For years, major corporations have used April Fool’s Day as an opportunity to launch large-scale pranks on unsuspecting consumers. While it’s all fun and games, many are unaware that these “jokes” are merely viral marketing campaigns packaged an April Fool’s shenanigan.
It’s a brilliant concept. Whether it’s Google changing its website name to “Topeka” or Starbucks adding a 128 oz cup of coffee its menu, these “pranks” result in loads of consumer interest and free publicity. Consider the following “gotchas” pulled by a few very well-know corporations:
· Taco Bell sparked an uproar when the company announced it had purchased the Liberty Bell and renamed it the “Taco Liberty Bell.” When asked about the sale at a White House press briefing, then-secretary Mike McCurry reportedly announced that the Lincoln Memorial had also been sold and renamed the “Ford Lincoln Memorial.”
· Burger King announced the new left-handed Whopper. The company took out a full page ad in “USA Today” highlighting the first ever burger designed for 32-million left-handed Americans. The company issued a release detailing the hoax after thousands of customers either ordered a left-handed burger or made it a point to mention they wanted to stick with the classic, right-handed version.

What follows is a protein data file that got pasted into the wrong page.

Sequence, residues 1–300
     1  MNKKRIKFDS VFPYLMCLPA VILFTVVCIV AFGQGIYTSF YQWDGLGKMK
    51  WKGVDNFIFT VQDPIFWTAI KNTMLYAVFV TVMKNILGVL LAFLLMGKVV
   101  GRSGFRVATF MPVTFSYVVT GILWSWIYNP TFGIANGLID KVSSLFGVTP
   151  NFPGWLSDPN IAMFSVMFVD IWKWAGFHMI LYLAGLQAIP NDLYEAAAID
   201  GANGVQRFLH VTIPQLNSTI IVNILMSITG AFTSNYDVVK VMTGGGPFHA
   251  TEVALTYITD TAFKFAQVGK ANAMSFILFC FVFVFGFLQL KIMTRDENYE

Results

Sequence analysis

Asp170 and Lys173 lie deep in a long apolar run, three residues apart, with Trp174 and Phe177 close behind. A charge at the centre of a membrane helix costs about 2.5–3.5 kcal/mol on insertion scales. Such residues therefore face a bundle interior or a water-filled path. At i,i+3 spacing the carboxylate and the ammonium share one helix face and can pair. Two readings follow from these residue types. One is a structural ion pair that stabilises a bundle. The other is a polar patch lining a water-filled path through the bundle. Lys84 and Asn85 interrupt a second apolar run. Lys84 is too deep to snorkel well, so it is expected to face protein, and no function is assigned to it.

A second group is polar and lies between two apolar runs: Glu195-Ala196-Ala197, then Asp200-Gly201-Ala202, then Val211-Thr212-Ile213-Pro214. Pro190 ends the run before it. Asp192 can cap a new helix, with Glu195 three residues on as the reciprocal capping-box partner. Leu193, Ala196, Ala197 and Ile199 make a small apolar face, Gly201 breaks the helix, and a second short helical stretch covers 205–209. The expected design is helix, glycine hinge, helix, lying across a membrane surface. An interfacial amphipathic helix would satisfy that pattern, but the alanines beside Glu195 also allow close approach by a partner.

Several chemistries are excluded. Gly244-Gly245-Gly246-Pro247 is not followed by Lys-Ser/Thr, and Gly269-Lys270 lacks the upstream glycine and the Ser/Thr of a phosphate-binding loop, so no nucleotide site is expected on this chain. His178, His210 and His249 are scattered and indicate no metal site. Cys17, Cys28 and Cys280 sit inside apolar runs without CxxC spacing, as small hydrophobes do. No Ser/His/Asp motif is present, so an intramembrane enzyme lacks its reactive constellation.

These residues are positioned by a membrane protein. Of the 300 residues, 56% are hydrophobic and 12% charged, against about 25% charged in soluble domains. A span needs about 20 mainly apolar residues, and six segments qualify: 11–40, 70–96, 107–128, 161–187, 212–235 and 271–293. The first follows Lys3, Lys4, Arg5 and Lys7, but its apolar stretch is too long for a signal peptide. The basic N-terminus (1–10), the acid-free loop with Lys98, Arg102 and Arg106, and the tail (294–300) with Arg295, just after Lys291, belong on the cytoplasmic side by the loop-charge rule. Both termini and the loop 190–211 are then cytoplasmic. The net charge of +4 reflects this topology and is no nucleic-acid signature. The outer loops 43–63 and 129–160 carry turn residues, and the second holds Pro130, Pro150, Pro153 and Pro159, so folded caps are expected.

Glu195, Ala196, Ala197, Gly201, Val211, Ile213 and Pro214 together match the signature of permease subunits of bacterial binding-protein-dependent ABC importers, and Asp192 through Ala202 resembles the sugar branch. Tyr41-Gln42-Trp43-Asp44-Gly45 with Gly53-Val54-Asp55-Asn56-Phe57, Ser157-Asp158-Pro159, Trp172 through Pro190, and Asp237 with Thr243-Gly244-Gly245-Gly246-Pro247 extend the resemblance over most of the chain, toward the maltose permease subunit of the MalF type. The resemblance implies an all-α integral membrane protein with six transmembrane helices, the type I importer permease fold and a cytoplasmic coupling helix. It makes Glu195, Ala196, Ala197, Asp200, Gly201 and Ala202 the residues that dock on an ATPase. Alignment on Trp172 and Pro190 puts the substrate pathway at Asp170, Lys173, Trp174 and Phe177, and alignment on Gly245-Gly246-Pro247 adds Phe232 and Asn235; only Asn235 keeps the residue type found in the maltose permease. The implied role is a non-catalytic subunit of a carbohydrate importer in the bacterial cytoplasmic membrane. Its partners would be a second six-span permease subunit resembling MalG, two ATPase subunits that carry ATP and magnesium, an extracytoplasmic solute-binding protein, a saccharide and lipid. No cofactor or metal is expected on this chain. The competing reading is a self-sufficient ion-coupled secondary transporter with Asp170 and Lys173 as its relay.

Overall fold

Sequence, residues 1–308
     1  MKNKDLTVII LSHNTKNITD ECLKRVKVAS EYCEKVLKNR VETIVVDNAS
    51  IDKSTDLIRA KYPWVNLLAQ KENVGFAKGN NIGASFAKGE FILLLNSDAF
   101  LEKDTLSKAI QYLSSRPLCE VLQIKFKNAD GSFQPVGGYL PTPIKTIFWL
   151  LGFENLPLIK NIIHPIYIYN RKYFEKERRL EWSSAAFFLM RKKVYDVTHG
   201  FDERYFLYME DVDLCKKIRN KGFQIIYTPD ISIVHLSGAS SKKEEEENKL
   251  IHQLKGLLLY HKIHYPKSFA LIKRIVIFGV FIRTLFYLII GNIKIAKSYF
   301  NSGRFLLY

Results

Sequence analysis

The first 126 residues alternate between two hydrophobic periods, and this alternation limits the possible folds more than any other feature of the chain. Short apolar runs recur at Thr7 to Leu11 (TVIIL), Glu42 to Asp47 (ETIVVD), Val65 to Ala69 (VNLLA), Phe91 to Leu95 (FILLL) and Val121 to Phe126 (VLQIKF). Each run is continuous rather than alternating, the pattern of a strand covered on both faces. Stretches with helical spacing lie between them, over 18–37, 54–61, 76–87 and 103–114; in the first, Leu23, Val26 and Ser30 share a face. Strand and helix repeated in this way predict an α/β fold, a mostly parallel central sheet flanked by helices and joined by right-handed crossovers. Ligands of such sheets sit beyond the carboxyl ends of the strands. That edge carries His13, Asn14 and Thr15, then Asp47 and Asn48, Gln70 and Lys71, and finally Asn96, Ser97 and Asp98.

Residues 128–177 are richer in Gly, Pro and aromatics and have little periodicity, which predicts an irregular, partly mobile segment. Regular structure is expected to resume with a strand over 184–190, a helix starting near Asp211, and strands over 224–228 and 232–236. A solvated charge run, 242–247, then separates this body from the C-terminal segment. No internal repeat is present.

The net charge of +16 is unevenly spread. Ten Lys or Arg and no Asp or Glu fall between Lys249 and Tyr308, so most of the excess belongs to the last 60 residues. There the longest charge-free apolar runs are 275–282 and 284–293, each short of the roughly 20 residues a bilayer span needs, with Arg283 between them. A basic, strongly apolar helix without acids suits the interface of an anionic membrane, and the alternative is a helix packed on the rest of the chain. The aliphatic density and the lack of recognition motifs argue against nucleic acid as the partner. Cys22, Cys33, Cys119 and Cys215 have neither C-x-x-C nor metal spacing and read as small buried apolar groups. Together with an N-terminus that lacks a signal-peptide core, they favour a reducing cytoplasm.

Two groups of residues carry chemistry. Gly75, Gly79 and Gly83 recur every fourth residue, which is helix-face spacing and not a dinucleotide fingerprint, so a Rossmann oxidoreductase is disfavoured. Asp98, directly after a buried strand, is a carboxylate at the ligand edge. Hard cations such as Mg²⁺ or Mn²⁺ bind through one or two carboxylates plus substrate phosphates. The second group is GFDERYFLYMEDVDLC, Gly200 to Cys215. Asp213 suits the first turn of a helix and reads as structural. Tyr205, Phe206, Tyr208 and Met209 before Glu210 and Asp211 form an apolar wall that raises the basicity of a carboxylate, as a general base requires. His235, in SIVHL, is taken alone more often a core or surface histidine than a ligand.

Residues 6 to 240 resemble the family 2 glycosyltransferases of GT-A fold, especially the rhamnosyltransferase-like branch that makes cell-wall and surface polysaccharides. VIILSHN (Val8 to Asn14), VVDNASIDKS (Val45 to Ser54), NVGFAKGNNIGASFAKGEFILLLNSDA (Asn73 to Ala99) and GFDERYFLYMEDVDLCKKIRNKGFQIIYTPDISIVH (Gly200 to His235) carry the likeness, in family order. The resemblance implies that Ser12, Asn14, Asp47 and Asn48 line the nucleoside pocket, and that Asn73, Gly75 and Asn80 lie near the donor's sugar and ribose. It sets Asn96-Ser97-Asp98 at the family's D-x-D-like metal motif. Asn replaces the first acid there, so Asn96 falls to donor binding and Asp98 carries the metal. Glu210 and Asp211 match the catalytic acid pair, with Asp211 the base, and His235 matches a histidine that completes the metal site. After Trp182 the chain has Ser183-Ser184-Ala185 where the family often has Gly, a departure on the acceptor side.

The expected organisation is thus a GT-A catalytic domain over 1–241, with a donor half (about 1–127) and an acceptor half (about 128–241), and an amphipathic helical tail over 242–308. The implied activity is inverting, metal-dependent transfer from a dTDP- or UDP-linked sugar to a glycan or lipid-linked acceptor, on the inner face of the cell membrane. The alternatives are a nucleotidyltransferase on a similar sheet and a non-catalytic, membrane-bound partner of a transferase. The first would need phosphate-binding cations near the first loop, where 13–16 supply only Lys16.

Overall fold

· Kodak has launched Aromatography, “a breakthrough in digital imaging processing” that uses Neuro-optic nasal sense imaging technology, known as NonSense, to bring pictures to life with scratch-and-sniff aromas.
These gags are great examples of how companies have managed to turn tomfoolery into an opportunity to expand their brand presence. Click here to check out a list April Fool’s Day 2010 pranks by some of our favourite brands.